Say "Hello" to the Gutenberg Bible. It is the first book ever printed, dating back to 1455. From there, it was a small step to publishing Great Expectations and the Story of O.
What could be cozier, during the cold winter months, than snuggling up with a good book beneath the warmth of a thick bed cover? Each fragile page of print is a passport to another place and time without the indignities of body scans or pat downs.
Call me old-fashioned—or obsolete, if you prefer—but when it comes to reading, I prefer a bound, paper book versus the new-fangled electronic book tablets. I understand that electronic books are quite functional, but I stare at a computer screen all day at work. So when it comes time for pleasure reading, I want the organic feel of a printed tome against my eager hands. Call it a security fixation, but the tactile experience of a book resting on my palms just seems substantial and right.
Sure, electronic books spare trees, but they also add older generations of tablets to landfills. Whereas no self-respecting citizen would ever discard a book. Rather, they would resell or donate their precious volumes to another generation of readers. Indeed, such hallowed institutions as public libraries and used book stores offer an ideal way to conserve how many trees must lay down their lives for literature.
Recently, I have taken an interest in reading antiquarian books. One reason might be because I am becoming antiquarian myself. Another is that I love to see how the English language was used in the1800s or early 1900s. These dusty volumes also allow one to be a voyeur into how people thought at a particular time in history. Sometimes their thinking was quaint and touching, sometimes small-minded and intolerant. The point is that older books offer a unique glimpse through the keyhole of past human experience. Unfortunately, antiquarian books are rarely available on electronic tablets. Only in used book stores.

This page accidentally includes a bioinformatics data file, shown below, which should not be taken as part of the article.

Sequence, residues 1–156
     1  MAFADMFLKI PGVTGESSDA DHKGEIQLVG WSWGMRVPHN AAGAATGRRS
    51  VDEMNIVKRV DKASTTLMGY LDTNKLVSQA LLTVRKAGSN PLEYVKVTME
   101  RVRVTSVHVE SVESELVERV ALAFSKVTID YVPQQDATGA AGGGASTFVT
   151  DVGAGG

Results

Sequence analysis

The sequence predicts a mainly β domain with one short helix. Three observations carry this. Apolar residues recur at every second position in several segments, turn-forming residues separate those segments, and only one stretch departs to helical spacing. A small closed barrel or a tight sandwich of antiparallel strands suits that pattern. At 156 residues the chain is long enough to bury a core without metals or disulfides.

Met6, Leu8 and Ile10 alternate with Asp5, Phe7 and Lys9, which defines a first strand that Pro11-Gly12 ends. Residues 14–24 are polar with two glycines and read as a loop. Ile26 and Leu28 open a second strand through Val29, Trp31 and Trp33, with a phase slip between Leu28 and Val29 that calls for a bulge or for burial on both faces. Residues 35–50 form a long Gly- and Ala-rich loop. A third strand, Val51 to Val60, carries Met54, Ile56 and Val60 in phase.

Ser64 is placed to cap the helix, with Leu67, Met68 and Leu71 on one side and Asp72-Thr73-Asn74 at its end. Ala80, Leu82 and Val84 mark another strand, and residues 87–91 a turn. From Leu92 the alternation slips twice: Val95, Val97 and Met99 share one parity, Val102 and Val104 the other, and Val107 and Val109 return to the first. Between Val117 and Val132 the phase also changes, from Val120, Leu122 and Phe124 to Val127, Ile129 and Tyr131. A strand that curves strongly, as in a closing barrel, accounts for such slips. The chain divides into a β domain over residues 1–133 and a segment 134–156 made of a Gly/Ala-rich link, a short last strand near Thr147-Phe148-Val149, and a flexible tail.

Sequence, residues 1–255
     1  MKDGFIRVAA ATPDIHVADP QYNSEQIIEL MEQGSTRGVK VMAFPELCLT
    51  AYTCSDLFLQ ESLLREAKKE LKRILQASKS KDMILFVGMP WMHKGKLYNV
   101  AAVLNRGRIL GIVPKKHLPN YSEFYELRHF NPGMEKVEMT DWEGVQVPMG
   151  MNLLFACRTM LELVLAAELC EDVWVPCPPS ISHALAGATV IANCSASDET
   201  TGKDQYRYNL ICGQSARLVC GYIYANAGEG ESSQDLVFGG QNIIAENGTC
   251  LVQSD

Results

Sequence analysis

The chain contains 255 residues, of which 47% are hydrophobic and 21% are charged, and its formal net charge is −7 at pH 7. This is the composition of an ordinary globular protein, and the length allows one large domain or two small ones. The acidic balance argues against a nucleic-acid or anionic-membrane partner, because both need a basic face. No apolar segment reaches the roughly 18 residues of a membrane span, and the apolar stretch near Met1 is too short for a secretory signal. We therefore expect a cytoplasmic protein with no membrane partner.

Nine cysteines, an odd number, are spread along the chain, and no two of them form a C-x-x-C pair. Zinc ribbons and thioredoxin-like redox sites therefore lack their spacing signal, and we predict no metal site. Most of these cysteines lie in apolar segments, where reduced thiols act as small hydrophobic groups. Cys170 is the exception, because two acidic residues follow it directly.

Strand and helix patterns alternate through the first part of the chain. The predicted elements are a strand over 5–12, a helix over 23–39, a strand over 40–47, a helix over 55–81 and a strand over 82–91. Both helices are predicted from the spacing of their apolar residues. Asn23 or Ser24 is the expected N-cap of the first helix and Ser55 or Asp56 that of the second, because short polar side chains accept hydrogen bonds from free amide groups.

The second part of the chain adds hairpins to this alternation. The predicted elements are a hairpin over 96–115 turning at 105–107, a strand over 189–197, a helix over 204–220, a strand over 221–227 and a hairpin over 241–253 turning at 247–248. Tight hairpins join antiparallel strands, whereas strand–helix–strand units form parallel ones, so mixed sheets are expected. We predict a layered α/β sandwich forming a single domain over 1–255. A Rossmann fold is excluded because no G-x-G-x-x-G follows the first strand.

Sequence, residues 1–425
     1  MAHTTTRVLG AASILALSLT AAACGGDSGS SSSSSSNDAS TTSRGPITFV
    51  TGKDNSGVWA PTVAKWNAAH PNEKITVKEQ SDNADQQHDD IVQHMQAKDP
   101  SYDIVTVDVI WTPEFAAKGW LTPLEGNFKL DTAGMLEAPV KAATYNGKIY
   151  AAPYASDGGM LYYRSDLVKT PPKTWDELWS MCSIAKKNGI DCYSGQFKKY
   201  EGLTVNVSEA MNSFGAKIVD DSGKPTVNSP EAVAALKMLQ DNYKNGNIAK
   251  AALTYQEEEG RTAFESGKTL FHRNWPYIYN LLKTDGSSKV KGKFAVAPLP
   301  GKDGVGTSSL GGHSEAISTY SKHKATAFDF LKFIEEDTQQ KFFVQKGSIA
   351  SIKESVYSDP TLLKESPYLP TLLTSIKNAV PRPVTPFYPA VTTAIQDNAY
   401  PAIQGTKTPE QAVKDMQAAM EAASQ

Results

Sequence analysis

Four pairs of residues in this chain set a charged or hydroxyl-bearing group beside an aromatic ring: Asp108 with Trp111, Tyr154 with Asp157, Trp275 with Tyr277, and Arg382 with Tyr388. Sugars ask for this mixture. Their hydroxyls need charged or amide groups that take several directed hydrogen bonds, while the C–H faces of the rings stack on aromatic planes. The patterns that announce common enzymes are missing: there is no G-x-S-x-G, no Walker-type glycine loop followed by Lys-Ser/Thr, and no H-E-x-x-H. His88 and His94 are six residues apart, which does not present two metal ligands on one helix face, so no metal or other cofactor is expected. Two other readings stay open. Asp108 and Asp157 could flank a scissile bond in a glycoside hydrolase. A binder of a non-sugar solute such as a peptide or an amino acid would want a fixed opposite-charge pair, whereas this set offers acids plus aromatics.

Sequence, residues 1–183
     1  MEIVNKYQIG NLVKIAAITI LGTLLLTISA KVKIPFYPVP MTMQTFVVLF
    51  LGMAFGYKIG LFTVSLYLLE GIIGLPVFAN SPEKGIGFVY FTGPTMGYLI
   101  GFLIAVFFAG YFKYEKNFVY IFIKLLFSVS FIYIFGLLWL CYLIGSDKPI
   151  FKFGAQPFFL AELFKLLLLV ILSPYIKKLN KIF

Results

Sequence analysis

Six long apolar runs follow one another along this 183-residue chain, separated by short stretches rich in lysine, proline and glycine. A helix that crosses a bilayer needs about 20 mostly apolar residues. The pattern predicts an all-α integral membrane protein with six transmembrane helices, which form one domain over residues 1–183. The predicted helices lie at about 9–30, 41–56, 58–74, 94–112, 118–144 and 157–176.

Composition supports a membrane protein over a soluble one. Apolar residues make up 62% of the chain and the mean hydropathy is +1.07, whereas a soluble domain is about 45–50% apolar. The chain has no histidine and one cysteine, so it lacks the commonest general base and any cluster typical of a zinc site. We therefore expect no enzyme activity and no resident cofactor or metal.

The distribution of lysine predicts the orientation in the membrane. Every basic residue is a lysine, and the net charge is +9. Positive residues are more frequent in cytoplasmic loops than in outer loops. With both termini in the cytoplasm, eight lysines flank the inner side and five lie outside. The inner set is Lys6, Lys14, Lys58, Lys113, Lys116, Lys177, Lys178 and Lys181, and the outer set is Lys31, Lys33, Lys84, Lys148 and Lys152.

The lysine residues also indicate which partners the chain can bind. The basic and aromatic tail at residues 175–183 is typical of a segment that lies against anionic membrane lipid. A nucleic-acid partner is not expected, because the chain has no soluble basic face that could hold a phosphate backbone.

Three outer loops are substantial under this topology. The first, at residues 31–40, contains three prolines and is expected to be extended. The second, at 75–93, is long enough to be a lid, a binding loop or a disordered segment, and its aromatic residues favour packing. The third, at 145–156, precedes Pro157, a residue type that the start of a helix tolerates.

Speaking of which, it is difficult to imagine how the musty splendor of a used book store could ever be replaced by a downloadable library. Wandering blissfully among stacks of unpredictable literary finds is a pleasure. It is a sensual, intellectual event.
Furthermore, sharing the joy of genres with other bibliophiles, while turning one’s head sideways to read book spines, requires a physical book store. That brand of camaraderie, that literary bonding, will never be duplicated online.
Still, I do not begrudge the electronic book. I simply do not want it to replace my beloved Gutenberg descendants. The car replaced the horse. Electricity replaced candles. Computers replaced typewriters. It would be sad to see paper-bound books go the way of eight-track tapes.
I believe there is room for both paper and electronic doorways into popular reading. In fact, while a traditional book is my preference, I gladly accept another person’s love of the Kindle and its brethren as long as they all can continue to peacefully co-exist. When you think about it, both avenues nobly preserve a love of literature and reading.
We live in a world where reality television shows, virtual activities and a materialistic mall culture are circling our leisure time like hungry wolves. With literacy rates plunging and attention spans shrinking, any form of reading, any small demonstration of critical thinking, is a cause for euphoric celebration.